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Evolution of acute lung injury/acute respiratory distress syndrome mortality in an ICU in Southern Brazil

Introduction

Acute lung injury (ALI), including acute respiratory distress syndrome (ARDS), mortality rates are high despite advances in the management of patients with this condition. Our objectives were to compare the ALI/ARDS mortality rates and the ALI mortality risk factors between two cohort studies of the same ICU in different periods of time: 1999/2000 (2000 cohort [1]) and 2004/2007 (2007 cohort).

Methods

A prospective cohort that included 1,115 patients admitted to the ICU between April 2004 and April 2007 who needed mechanical ventilation for at least 24 hours. These results were compared with a previous cohort of 1,301 patients admitted to the same ICU between April 1999 and April 2000 [1]. In both studies all patients were evaluated regarding the presence/development of ALI/ARDS according to the 1994 American–European Consensus Conference. Data were compared between the two cohorts using Student's t or chi square tests. Multivariate analysis by conditional logistic regression was used to identify ALI mortality risk factors.

Results

In ALI patients (n = 50, 2000 cohort; n = 347, 2007 cohort) we observed: (i) an increase in both hospital mortality (from 50 to 67%, P = 0.02) and ICU mortality (from 44 to 63%, P = 0.01); (ii) a higher mean (± SD) APACHE II score (from 17.7 ± 6.5 to 23.7 ± 8.2, P < 0.001), and (iii) an increased percentage of patients with three or more organ failures (from 30 to 42%, P < 0.001). Regarding ARDS patients (n = 30, 2000 cohort; n = 307, 2007 cohort), there were an increase in hospital mortality (from 47% to 68%, P = 0.03), in the mean (± SD) APACHE II score (from 17.6 ± 6.9 to 23.6 ± 8.3, P < 0.001) and in medical patients (from 46 to 73%, P = 0.01). The factors independently associated with increased hospital mortality in ALI patients were renal (P = 0.002) and hematological (P = 0.02) failures in the 2000 cohort. In the 2007 cohort, renal (P = 0.01) and hematological (P = 0.02) failures, use of vasoactive drugs (P < 0.001) and ICU length of stay (P < 0.001) were independently associated with mortality.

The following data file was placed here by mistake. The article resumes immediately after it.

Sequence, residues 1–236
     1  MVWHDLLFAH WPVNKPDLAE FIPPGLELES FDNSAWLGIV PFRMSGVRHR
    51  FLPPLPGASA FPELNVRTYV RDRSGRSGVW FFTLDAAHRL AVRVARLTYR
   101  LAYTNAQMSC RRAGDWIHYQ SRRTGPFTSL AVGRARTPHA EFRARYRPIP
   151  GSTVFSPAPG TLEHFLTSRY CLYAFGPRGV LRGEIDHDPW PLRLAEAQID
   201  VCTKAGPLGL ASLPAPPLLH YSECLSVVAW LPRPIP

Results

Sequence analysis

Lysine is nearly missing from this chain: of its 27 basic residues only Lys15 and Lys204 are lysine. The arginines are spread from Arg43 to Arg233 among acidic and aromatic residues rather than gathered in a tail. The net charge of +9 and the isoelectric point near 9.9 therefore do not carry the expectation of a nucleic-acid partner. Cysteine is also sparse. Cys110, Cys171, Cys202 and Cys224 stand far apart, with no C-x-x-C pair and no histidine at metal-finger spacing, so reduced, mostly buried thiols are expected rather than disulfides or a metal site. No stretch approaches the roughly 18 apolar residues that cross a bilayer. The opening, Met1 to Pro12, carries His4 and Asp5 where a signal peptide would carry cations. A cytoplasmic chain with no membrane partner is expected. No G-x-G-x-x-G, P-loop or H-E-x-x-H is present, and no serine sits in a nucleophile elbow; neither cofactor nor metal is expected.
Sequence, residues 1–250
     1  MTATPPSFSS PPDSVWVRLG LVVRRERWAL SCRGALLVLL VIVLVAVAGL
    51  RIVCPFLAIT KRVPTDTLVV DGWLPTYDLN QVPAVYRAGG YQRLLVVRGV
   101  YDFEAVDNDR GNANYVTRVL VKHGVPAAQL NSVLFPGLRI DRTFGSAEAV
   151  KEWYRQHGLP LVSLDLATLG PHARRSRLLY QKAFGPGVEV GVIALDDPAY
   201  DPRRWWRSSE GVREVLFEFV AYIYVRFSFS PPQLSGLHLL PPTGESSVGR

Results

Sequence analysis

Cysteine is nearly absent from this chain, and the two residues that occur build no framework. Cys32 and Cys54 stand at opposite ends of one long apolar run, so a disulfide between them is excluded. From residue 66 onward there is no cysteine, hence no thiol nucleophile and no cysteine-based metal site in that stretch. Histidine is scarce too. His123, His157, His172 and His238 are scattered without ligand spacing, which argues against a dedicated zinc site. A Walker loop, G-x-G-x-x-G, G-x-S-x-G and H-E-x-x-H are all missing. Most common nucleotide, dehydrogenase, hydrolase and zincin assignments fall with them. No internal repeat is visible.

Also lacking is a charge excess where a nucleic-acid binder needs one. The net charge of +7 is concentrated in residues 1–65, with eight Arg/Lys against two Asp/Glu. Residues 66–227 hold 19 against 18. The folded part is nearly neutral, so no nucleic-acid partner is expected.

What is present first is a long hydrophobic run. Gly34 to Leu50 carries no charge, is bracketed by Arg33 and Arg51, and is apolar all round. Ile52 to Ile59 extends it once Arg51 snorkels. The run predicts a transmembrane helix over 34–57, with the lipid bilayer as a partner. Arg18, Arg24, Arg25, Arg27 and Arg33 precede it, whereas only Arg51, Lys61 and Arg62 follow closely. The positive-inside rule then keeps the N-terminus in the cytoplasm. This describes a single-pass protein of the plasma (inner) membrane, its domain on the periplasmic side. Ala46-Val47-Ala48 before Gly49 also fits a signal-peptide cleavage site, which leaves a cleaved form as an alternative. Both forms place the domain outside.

Conclusion

We observed an increase in the mortality rates of patients with ALI/ARDS, which are more severely ill. Renal and hematological failures remained independently associated with mortality in these patients. The results suggest that ALI/ARDS patients in our ICU have more severe illness, what could explain the increase in the mortality rates, highlighting the relevance of a better understanding of such findings.

References

  1. 1.

    Fialkow L, et al.: Acute lung injury and acute respiratory distress syndrome at the intensive care unit of a general university hospital in Brazil: an epidemiological study using the American-European Consensus Criteria. Intensive Care Med 2002, 28: 1644-1648. 10.1007/s00134-002-1507-z

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Fialkow, L., Farenzena, M., Vieira, S. et al. Evolution of acute lung injury/acute respiratory distress syndrome mortality in an ICU in Southern Brazil. Crit Care 13, P499 (2009). https://doi.org/10.1186/cc7663

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Keywords

  • Mortality Rate
  • Mechanical Ventilation
  • Organ Failure
  • Acute Lung Injury
  • Hospital Mortality